Siamese neural network

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Siamese neural network is an artificial neural network that use the same weights while working in tandem on two different input vectors to compute comparable output vectors.[1][2][3] Often one of the output vectors is precomputed, thus forming a baseline against which the other output vector is compared. This is similar to comparing fingerprints or more technical as a distance function for Locality-sensitive hashing.

It is possible to make a kind of structure that are functional similar to a siamese network, but still implement slightly different function. This is typically used for comparing similar instances in different type sets.

Uses of similarity measures where a siamese network might be used are such things as recognizing handwritten checks, automatic detection of faces in camera images, and matching queries with indexed documents. The perhaps most well-known application of siamese networks are face recognition, where known images of people are precomputed and compared to an image from a turnstile or similar. It is not obvious at first, but there are two slightly different problems. One is recognizing a person among a large number of other persons, that is the facial recognition problem. DeepFace is an example of such a system.[3] In its most extreme form this is recognizing a single person at a train station or airport. The other is face verification, that is to verify whether the photo in a pass is the same as the person claiming he or she is the same person. The siamese network might be the same, but the implementation can be quite different.

Learning[edit]

Learning in siamese networks can be done with triplet loss or contrastive loss. For learning by triplet loss a baseline vector (anchor image) is compared against a positive vector (truthy image) and a negative vector (falsy image). The negative vector will force learning in the network, while the positive vector will act like a regularizer. For learning by contrastive loss there must be a weight decay to regularize the weights, or some similar operation like a normalization.

A distance metric for a loss function must have the following properties[4]

  • Non-negativity:
  • Identity of Discernible:
  • Symmetry:
  • Triangle inequality:

In particular, the triplet loss algorithm is often defined with squared Euclidean distance at its core.

Predefined metrics, Euclidean distance metric[edit]

The common learning goal is to minimize a distance metric. This gives a loss function like

are indexes into a set of vectors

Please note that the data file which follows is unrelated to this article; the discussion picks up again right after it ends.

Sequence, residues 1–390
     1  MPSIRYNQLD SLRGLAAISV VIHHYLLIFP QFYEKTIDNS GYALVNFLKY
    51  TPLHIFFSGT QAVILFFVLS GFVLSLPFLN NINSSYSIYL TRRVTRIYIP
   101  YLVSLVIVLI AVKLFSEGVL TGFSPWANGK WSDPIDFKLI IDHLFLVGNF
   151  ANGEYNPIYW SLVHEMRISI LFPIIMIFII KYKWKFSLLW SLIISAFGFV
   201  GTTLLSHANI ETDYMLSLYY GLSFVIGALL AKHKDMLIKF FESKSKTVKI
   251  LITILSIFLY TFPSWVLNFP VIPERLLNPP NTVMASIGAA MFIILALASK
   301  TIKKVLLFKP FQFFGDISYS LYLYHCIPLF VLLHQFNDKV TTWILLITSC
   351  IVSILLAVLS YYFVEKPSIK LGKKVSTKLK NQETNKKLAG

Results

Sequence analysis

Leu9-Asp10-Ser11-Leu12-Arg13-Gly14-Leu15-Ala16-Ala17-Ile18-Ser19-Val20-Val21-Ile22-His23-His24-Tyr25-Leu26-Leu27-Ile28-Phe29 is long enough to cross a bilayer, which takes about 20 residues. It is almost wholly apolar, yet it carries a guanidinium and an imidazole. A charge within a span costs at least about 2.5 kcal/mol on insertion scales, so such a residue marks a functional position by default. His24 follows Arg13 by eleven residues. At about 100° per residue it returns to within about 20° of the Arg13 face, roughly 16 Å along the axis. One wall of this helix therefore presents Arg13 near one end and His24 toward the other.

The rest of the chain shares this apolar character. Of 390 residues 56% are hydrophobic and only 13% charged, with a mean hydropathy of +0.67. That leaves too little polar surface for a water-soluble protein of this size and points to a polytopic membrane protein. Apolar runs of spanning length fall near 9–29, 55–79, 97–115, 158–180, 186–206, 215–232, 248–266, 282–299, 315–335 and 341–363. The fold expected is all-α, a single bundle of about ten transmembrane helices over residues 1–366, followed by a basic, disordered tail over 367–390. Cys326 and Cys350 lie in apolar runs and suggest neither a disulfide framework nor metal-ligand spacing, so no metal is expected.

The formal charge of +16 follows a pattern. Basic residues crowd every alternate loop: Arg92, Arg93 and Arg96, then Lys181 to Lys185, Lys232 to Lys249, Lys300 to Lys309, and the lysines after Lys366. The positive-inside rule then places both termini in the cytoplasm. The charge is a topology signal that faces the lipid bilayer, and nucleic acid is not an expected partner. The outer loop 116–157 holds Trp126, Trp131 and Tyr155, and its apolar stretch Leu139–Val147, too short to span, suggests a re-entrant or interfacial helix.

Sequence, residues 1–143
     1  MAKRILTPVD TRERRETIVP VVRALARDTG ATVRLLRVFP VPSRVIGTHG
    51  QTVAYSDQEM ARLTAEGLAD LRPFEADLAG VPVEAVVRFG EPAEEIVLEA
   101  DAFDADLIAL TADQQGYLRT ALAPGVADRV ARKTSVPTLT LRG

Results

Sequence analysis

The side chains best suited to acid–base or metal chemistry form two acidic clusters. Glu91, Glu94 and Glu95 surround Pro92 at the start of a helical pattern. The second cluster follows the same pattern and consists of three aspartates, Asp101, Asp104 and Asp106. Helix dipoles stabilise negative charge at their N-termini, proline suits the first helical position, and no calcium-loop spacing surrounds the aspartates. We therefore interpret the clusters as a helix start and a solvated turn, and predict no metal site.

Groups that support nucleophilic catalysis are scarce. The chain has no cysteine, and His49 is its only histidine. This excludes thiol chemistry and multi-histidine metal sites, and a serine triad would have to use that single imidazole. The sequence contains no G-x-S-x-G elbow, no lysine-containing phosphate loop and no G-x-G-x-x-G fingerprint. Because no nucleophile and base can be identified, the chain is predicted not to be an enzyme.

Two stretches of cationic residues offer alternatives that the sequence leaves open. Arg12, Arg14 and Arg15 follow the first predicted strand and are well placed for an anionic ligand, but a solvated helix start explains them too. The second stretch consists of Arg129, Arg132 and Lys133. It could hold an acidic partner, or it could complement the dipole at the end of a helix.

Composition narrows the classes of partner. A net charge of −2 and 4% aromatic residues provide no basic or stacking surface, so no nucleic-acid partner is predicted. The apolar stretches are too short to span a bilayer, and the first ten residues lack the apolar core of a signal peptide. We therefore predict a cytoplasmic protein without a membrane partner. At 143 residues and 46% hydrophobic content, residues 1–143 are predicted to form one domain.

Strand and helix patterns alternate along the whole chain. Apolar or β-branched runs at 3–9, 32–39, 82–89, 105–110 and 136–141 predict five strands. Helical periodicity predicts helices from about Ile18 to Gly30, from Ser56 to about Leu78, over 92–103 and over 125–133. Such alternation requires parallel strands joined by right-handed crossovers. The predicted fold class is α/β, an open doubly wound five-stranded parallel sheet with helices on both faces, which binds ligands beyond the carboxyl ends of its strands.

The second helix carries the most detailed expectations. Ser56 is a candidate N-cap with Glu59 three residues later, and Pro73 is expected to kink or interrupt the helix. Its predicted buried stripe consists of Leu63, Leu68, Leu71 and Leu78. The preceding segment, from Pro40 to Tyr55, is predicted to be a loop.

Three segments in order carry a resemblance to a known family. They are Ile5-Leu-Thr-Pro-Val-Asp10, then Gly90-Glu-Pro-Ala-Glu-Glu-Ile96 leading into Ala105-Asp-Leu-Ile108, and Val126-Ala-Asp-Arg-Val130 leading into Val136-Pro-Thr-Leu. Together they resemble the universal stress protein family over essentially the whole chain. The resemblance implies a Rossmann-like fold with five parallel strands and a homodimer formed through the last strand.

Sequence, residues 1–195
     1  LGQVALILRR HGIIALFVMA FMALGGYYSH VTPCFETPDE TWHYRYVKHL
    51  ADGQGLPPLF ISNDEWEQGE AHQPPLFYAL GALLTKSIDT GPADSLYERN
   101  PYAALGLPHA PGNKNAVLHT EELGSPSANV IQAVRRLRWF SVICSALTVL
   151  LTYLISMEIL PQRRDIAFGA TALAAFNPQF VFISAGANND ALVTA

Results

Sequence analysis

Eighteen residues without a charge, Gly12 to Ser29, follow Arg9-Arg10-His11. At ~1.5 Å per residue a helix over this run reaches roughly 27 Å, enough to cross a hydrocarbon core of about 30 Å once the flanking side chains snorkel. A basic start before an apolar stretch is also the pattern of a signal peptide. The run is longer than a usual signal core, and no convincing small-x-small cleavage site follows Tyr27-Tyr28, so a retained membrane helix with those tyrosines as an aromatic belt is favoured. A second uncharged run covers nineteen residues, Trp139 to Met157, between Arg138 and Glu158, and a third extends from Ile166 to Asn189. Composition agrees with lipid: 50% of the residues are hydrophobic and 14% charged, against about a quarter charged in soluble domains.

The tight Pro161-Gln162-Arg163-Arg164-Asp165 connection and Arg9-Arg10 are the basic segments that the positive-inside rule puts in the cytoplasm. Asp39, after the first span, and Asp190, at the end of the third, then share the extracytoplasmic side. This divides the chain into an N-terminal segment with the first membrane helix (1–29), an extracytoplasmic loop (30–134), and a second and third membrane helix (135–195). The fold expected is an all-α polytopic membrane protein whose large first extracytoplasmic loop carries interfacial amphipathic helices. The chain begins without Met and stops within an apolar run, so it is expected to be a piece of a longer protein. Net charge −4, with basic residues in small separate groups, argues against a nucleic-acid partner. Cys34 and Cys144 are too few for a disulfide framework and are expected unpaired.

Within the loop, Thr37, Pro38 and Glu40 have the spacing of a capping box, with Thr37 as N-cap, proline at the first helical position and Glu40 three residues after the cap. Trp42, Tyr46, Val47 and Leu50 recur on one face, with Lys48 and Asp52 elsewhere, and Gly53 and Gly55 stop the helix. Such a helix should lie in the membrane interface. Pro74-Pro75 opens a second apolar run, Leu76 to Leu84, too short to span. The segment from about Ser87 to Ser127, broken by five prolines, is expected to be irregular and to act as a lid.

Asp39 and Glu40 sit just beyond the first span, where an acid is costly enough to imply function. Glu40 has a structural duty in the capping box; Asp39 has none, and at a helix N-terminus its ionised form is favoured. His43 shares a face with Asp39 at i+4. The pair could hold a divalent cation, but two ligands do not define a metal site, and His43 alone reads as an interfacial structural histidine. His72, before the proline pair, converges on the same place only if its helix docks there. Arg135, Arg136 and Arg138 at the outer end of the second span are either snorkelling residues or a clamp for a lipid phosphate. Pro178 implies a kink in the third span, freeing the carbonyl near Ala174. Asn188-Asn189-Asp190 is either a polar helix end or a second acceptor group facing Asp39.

function implemented by the siamese network

This is the most common case, but it is also a special case implementing an Euclidean distance metric.

On a matrix form the previous is often expressed as

This is not the same as it is the squared Euclidean distance, that is the Manhattan distance.

Learned metrics, nonlinear distance metric[edit]

A more general case is where the output vector from the siamese network is passed through additional network layers implementing non-linear distance metrics.

are indexes into a set of vectors
function implemented by the siamese network
function implemented by the network joining outputs from the siamese network

On a matrix form the previous is often approximated as a Mahalanobis distance for a linear space as[5]

This can be further subdivided in at least Unsupervised learning and Supervised learning.

Learned metrics, half-twin networks[edit]

This form also allows the siamese network to be more of a half-twin, implementing a slightly different functions

are indexes into a set of vectors
function implemented by the half-twin network
function implemented by the network joining outputs from the siamese network

References[edit]

  1. ^ Bromley, Jane; Guyon, Isabelle; LeCun, Yann; Säckinger, Eduard; Shah, Roopak (1994). "Signature verification using a" siamese" time delay neural network" (PDF). Advances in neural information processing systems: 737–744.
  2. ^ Chopra, S.; Hadsell, R.; LeCun, Y. (June 2005). "Learning a similarity metric discriminatively, with application to face verification". 2005 IEEE Computer Society Conference on Computer Vision and Pattern Recognition (CVPR'05). 1: 539–546 vol. 1. doi:10.1109/CVPR.2005.202.
  3. ^ a b Taigman, Y.; Yang, M.; Ranzato, M.; Wolf, L. (June 2014). "DeepFace: Closing the Gap to Human-Level Performance in Face Verification". 2014 IEEE Conference on Computer Vision and Pattern Recognition: 1701–1708. doi:10.1109/CVPR.2014.220.
  4. ^ Chatterjee, Moitreya; Luo, Yunan. "Similarity Learning with (or without) Convolutional Neural Network" (PDF). Retrieved 2018-12-07.
  5. ^ Chandra, M.P. (1936). "On the generalized distance in statistics" (PDF). Proceedings of the National Institute of Sciences of India. 1. 2: 49–55.